There are many benefits of hiring a contractor, as well as working as a contractor but we are asked time and time again about capping hours and what it means for the client as well as the contractor.
What is hours capping?
Contractors decide to hire themselves out for work on either a day rate or an hourly rate. Hours capping comes into play when a contractor works on an hourly basis.
Hours capping is when a decision is made by either the client or the contractor. Or in the best situations, a decision is made together, at the outset of what the maximum or expected hours will be per day and per week to complete the work set.
We have seen many situations where a decision has not been made on hours capping that always leaves at least one party unhappy.
So, if you aren’t setting capped hours, what do you need to consider? And are there positives and negatives for both parties when setting them?
The positives of hours capping for architecture and interior design contractors
As a practice, you will have submitted a proposal for a project with a set cost and time to complete the work. You may then have taken on a contractor(s) to complete this work. By setting capped hours for the contractor, you will have the ability to budget effectively and be more likely to complete the project within the cost that you proposed to your client at the outset.
From a contractor’s point of view, if their client has told them from the beginning of the project what the capped hours will be they will then know what is expected and give them the ability to manage their work-life balance better.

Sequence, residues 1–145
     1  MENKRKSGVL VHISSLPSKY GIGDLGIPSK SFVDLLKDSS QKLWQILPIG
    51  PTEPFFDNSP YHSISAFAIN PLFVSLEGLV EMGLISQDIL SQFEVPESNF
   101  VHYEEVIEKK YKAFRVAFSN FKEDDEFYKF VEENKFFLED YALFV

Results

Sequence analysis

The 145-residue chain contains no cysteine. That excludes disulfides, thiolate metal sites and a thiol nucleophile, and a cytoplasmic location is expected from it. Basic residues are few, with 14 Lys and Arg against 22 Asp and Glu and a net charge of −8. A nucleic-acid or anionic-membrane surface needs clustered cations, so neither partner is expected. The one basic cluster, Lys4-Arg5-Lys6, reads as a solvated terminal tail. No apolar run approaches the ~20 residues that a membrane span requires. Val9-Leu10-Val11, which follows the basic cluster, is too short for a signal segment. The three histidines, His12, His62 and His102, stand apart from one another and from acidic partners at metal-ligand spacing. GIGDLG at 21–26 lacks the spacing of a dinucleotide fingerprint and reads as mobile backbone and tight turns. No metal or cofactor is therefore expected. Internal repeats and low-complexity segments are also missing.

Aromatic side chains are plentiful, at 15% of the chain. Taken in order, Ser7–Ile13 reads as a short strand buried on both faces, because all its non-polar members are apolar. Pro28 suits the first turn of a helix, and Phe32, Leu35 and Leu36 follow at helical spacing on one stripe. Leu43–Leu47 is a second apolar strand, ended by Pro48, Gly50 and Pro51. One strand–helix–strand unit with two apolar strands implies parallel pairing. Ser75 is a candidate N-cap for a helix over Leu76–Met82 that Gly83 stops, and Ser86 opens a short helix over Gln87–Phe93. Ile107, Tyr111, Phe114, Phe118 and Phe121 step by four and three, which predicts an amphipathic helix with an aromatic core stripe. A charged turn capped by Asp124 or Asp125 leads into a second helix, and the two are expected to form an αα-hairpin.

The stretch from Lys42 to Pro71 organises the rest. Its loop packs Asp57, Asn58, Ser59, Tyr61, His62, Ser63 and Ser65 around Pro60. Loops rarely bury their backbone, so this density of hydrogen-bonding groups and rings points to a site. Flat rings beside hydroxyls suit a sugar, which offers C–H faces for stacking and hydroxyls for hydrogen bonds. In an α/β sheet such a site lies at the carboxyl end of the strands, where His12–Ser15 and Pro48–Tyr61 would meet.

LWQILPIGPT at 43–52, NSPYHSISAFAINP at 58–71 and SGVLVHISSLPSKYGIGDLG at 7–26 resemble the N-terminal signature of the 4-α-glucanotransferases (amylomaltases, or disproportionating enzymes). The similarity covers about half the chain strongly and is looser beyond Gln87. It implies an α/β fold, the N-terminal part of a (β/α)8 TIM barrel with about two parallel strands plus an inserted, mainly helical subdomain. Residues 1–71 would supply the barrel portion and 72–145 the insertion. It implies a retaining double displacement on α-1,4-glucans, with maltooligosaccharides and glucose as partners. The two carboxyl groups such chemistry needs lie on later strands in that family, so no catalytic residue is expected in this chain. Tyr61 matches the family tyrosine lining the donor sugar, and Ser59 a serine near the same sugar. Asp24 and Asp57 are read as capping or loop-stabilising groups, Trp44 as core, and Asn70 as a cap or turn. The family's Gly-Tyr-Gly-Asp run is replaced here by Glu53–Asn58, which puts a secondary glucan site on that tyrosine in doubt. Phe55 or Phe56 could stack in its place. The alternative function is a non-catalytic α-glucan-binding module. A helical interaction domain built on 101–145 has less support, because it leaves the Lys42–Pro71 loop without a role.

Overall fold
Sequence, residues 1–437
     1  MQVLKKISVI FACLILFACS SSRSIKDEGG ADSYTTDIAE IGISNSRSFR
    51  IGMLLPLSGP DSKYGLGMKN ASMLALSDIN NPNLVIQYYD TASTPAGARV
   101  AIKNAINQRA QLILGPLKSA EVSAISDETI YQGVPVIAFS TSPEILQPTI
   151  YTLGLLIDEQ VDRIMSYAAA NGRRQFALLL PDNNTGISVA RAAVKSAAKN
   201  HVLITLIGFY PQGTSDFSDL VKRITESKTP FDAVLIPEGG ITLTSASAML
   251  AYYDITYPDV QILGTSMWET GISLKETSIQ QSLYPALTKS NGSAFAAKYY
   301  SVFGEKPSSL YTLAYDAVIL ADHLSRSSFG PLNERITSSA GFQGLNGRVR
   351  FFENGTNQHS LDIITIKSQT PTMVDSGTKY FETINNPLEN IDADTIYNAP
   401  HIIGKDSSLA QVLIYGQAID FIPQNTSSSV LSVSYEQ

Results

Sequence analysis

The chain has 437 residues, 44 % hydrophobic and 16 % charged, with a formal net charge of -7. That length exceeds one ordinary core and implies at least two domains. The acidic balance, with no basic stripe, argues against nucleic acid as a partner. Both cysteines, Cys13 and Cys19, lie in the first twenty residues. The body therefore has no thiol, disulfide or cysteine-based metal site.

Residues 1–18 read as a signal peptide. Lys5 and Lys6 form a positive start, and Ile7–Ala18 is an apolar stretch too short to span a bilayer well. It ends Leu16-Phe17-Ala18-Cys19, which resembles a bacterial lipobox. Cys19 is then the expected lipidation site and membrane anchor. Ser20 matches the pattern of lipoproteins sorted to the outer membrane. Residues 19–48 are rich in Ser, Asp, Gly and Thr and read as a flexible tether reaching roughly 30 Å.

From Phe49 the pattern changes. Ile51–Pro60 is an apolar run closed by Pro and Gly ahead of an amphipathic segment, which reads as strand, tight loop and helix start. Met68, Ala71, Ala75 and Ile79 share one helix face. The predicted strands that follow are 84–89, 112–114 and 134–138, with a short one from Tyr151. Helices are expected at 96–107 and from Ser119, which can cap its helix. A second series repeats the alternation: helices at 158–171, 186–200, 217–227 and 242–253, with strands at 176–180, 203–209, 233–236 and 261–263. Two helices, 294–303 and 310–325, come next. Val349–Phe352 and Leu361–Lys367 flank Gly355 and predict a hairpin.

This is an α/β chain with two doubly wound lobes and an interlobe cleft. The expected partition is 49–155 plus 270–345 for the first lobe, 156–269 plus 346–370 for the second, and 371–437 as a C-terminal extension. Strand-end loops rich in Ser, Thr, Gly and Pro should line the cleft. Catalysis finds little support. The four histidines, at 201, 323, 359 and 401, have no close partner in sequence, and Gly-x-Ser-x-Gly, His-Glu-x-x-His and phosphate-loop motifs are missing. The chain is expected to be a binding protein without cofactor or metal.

The negatives of hours capping for architecture and interior design contractors
Contractors expect to get paid for every hour they work. A popular reason for many contractors is that even if their work is a little less frequent they can make up the shortfall by working a lot of hours in each contract they take on. If the hours are capped then they may not make as much money as they had been hoping.
From a client's point of view, if capped hours have been set and the work has not been completed it can be very frustrating if a project deadline is looming. A contractor has the right to say no to working extra hours. If they do agree, a client will need to ensure they are paying for the extra hours which they may not have taken into account when they set the original budget for the project.
Our advice for hours capping
Hours capping is important to help manage the expectations and the relationship between a client and a contractor. Our advice is:
Always discuss capped hours from the outset- it is important this is discussed at the interview and offer stage in particular.
Contractors should never be asked to work additional hours if they are unpaid unless agreed in advance or time is given back.
Contractors are not entitled to benefits or paid annual leave, so being paid by the hour is an expectation of most contractors.
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